Unlike a newspaper, however, email and webpage fold locations aren’t predictable. The fold may be affected by the user’s preview pane, monitor size, monitor resolution, device type (i.e., mobile vs. desktop) and any headers placed by email programs such as Gmail or Yahoo!

Material in the above-the-fold area is considered more valuable because the reader sees it first. According to the Wikipedia entry for Above the fold, “Most web design advice available today encourages designers to place important information at the top of the website, but also to prioritize usability and design.”

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Call-to-Action Optimization: 132% increase in clickthrough from changing four simple words

February 14th, 2018
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Think of all the money you invest in attracting customers before they even get to the call-to-action … buying media or traffic, designing websites and landing pages, crafting just the right offer.

If you can squeeze just a bit higher conversion rate out of your calls-to-action (CTAs), it increases the ROI on the rest of your marketing investment.

And that’s just a few percent. What about more than doubling the conversion of that CTA? Without the need for any IT or development resources?

A recent experiment MECLABS Institute (parent research organization of MarketingSherpa) ran with a Research Partner did just that. Let’s walk through the simple word changes and what you can learn from them as you craft your own calls-to-action and button copy.

Experiment design

This experiment was a landing page test that encouraged people to get a physical copy of a textbook mailed to them. These people are decision makers. They choose a product that will lead to significant product sales from others. By getting the sample in these decision makers’ hands, they are more likely to select this product and, therefore, drive significant sales.

The experiment had a control and two treatments. There were several differences between the control and the treatments including changing the image, headline and call-to-action. Both treatments improved clickthrough rate (CTR), with the second treatment generating a 277% increase in CTR at a 99% level of confidence.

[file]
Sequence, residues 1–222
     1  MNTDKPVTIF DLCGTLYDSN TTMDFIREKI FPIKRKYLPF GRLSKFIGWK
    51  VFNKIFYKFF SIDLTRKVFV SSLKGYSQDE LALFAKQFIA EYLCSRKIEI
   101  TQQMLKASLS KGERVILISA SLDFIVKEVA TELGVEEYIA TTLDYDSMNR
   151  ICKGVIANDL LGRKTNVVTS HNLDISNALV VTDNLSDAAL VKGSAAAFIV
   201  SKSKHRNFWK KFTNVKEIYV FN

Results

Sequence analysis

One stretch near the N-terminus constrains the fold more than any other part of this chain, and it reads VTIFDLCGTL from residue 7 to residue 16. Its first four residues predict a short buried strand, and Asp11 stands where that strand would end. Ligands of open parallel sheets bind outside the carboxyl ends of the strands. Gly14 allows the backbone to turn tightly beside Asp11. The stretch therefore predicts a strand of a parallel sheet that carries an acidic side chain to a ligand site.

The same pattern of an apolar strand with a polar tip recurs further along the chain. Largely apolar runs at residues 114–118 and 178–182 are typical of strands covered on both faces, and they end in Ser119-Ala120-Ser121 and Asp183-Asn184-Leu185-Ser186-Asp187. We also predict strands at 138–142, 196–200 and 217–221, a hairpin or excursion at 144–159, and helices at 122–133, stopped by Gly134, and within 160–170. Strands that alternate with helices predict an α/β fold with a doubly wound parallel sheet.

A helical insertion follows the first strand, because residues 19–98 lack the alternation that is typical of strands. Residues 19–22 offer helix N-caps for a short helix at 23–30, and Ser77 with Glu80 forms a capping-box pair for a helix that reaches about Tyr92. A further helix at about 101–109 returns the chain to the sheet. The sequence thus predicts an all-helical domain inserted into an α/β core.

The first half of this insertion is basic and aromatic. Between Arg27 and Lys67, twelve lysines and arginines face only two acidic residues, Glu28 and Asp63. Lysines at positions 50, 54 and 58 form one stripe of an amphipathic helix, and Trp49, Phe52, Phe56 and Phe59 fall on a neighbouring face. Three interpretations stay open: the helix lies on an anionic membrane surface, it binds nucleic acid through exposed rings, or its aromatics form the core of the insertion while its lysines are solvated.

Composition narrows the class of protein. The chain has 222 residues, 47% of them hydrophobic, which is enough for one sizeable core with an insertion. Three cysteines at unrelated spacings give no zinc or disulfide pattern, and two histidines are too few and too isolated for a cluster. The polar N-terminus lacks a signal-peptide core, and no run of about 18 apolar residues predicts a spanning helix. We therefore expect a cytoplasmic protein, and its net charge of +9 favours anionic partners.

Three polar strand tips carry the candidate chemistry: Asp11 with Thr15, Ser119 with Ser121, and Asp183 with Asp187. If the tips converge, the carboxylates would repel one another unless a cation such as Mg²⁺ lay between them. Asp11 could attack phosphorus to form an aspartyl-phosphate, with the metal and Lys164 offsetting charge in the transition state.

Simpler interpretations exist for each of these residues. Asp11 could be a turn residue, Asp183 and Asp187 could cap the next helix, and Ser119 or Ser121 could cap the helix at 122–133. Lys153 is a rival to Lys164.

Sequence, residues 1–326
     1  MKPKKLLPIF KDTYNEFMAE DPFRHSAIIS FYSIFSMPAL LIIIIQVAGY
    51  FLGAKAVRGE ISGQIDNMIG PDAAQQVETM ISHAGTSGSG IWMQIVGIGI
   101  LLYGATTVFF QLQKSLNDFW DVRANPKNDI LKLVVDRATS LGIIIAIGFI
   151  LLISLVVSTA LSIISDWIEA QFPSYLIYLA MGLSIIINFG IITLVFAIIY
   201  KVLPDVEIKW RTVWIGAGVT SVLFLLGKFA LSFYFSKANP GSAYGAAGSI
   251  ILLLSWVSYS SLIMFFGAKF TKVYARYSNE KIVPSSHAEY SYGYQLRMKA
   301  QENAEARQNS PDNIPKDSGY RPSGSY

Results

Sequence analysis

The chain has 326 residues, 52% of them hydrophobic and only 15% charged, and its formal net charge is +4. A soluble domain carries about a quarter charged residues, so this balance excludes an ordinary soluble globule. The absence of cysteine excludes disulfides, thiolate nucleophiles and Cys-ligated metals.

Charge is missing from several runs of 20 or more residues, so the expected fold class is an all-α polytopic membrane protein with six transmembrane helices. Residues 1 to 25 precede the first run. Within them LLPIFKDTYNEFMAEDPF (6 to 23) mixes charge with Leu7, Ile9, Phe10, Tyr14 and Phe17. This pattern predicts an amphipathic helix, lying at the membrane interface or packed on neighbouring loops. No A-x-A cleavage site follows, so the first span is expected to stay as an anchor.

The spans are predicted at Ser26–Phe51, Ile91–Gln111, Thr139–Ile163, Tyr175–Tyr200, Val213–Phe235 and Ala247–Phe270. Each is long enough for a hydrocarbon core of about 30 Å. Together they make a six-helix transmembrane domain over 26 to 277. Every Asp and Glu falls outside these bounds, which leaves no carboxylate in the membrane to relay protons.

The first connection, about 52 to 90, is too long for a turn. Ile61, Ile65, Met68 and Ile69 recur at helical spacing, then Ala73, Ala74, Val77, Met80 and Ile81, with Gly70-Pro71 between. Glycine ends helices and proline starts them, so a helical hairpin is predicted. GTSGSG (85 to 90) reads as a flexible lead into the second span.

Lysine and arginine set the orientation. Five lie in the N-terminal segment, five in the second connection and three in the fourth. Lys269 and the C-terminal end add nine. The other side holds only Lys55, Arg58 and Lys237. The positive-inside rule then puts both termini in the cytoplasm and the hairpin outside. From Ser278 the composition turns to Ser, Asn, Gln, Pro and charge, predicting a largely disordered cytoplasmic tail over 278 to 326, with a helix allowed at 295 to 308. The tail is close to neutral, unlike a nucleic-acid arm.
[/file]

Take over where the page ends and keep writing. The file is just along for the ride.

That clickthrough increase carried its way through the funnel to an increase for the final conversion as well — an 82% increase in conversion for Treatment 2 at a 99% level of confidence.

But here’s where it gets more interesting. While the team changed several variables between the control and the treatments, they only changed a single variable between Treatment 1 and Treatment 2 — the call-to-action — to discover the impact of the CTA wording.

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Marketing 101: What is a vanity link (or vanity URL)?

September 15th, 2017
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Marketing has a language all its own. This is our latest in a series of posts aimed at helping new marketers learn that language. What term do you find yourself explaining most often to new hires during onboarding? Let us know.

A vanity link is a URL that is in plain English and very easy for a potential web visitor to type in. URL is an acronym for Uniform Resource Locator — the webpage address. Every page on the World Wide Web has a URL, even this one. To find the URL of any webpage, simply look in the browser bar at the top.

Vanity links make it easier for people to visit your landing pages